Hepatitis B Vaccine
Why get vaccinated against hepatitis B?
Hepatitis B is a serious infection that affects the liver. It is caused by the hepatitis B virus. Hepatitis B can cause mild illness lasting a few weeks, or it can lead to a serious, lifelong illness.
Hepatitis B virus infection can be either acute or chronic.
Acute hepatitis B virus infectionis a short-term illness that occurs within the first 6 months after someone is exposed to the hepatitis B virus. This can lead to:
Chronic hepatitis B virus infectionis a long-term illness that occurs when the hepatitis B virus remains in a person's body. Most people who go on to develop chronic hepatitis B do not have symptoms, but it is still very serious and can lead to:
Chronically infected people can spread hepatitis B virus to others, even if they do not feel or look sick themselves. Up to 1.4 million people in the United States may have chronic hepatitis B infection. About 90% of infants who get hepatitis B become chronically infected, and about 1 out of 4 of them dies.
Hepatitis B is spread when blood, semen, or other body fluid infected with the hepatitis B virus enters the body of a person who is not infected. People can become infected with the virus through:
Each year about 2,000 people in the United States die from hepatitis B–related liver disease.
Hepatitis B vaccine can prevent hepatitis B and its consequences, including liver cancer and cirrhosis.
Who should receive the hepatitis B vaccine and when?
Hepatitis B vaccine is made from parts of the hepatitis B virus. It cannot cause hepatitis B infection. The vaccine is usually given as 2, 3, or 4 shots over 1 to 6 months.
Infantsshould get their first dose of hepatitis B vaccine at birth and will usually complete the series at 6 months of age.
Allchildren and adolescentsyounger than 19 years of age who have not yet gotten the vaccine should also be vaccinated.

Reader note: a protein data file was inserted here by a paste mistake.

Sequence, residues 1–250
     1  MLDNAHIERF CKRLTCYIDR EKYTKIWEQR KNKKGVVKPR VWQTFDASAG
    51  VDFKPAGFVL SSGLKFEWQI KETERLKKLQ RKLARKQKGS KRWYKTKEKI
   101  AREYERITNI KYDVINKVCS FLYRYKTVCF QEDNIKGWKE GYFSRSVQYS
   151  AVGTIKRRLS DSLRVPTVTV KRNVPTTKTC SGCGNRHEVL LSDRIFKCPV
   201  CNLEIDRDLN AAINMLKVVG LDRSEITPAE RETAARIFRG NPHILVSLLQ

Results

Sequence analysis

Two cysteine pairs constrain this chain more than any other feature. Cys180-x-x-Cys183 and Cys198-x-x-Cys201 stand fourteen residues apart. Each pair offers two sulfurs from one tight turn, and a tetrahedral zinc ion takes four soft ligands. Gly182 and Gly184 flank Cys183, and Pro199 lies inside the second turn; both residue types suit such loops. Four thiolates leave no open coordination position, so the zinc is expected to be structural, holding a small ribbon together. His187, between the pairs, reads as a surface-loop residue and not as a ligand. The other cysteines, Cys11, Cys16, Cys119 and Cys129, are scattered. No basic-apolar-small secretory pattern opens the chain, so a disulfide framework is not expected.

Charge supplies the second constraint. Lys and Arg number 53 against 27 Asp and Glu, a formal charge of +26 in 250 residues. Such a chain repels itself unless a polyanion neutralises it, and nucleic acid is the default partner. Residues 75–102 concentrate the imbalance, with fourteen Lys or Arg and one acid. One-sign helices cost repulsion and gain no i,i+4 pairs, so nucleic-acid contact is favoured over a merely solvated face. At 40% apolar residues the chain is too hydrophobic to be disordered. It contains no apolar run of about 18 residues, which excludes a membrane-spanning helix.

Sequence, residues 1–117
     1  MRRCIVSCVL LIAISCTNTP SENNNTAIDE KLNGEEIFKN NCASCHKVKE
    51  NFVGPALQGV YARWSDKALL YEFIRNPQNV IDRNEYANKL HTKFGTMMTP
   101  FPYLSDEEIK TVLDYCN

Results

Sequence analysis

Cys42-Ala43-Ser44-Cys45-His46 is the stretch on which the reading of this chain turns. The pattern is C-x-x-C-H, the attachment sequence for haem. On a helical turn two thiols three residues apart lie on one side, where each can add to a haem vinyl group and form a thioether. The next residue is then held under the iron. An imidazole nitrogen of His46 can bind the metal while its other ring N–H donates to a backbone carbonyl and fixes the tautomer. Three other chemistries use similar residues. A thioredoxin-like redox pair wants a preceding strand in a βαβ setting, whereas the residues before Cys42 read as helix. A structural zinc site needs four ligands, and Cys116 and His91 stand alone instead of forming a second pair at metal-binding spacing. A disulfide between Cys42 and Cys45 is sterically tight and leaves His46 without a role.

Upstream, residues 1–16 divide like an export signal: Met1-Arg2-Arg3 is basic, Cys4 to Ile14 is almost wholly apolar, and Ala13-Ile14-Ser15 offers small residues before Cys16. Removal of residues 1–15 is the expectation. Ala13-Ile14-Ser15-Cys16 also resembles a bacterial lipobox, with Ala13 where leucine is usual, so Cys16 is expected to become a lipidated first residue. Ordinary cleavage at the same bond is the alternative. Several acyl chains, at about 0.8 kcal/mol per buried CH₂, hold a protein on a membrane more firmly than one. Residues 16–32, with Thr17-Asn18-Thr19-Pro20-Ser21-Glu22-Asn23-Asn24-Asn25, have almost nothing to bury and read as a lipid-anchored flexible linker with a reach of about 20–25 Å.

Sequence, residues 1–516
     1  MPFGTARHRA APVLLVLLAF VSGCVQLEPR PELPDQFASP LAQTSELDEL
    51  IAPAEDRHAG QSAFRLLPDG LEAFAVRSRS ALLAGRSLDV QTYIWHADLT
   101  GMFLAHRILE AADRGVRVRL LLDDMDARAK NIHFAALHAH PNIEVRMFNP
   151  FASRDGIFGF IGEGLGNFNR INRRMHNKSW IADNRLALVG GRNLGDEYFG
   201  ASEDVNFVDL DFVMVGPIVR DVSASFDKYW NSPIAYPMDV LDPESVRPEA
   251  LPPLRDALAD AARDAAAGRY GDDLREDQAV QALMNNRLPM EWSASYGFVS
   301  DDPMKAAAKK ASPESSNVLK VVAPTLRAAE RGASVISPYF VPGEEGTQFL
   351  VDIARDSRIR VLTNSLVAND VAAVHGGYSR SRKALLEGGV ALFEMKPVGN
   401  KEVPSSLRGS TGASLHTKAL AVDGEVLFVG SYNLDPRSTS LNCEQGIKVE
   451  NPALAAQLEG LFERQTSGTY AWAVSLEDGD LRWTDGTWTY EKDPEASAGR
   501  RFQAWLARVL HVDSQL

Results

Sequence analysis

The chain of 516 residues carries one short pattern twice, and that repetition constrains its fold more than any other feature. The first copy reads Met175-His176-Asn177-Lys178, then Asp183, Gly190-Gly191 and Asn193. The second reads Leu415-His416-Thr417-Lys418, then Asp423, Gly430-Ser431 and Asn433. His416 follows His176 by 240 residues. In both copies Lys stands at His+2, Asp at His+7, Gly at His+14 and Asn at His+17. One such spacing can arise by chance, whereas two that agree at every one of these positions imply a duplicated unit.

Hepatitis B vaccine is recommended for unvaccinatedadultswho are at risk for hepatitis B virus infection, including:
There are no known risks to getting hepatitis B vaccine at the same time as other vaccines.
Who should not receive the hepatitis B vaccine?
Tell the person who is giving the vaccine:
What are the risks from hepatitis B vaccine?
With any medicine, including vaccines, there is a chance of side effects. These are usually mild and go away on their own, but serious reactions are also possible.
Most people who get hepatitis B vaccine do not have any problems with it.
Minor problemsfollowing hepatitis B vaccine include the following:
If these problems occur, they usually begin soon after the shot and last 1 or 2 days.
Your doctor can tell you more about these reactions.
Other problems that could happen after this vaccine:
What if there is a serious problem?
What should I look for?
What should I do?
VAERS does not give medical advice.
The National Vaccine Injury Compensation Program
The National Vaccine Injury Compensation Program (VICP) is a federal program that was created to compensate people who may have been injured by certain vaccines.
Persons who believe they may have been injured by a vaccine can learn about the program and about filing a claim by calling1-800-338-2382or visiting the VICP website athttp://www.hrsa.gov/vaccinecompensation. There is a time limit to file a claim for compensation.
How can I learn more?
Hepatitis B Vaccine Information Statement. U.S. Department of Health and Human Services/Centers for Disease Control and Prevention National Immunization Program. 10/12/2018.
AHFS® Consumer Medication Information. © Copyright, The American Society of Health-System Pharmacists, Inc., 7272 Wisconsin Avenue, Bethesda, Maryland. All Rights Reserved. Duplication for commercial use must be authorized by ASHP.
Selected Revisions: December 15, 2018.
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